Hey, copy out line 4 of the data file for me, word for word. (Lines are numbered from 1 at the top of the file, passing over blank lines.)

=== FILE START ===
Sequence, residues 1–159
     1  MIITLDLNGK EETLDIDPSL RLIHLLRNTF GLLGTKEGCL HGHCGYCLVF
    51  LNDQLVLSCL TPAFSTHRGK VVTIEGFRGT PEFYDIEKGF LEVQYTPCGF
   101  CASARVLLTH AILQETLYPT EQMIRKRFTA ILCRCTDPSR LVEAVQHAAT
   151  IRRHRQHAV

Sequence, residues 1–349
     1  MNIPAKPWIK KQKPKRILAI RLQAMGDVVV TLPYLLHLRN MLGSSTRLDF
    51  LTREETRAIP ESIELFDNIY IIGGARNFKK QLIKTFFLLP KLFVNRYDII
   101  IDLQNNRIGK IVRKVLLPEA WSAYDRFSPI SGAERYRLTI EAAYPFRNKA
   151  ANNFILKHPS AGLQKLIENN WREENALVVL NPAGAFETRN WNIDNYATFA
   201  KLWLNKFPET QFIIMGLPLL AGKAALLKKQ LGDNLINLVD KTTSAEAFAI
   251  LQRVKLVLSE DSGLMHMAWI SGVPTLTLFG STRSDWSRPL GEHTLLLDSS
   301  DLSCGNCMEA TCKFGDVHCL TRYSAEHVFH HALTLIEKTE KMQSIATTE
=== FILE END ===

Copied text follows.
   101  CASARVLLTH AILQETLYPT EQMIRKRFTA ILCRCTDPSR LVEAVQHAAT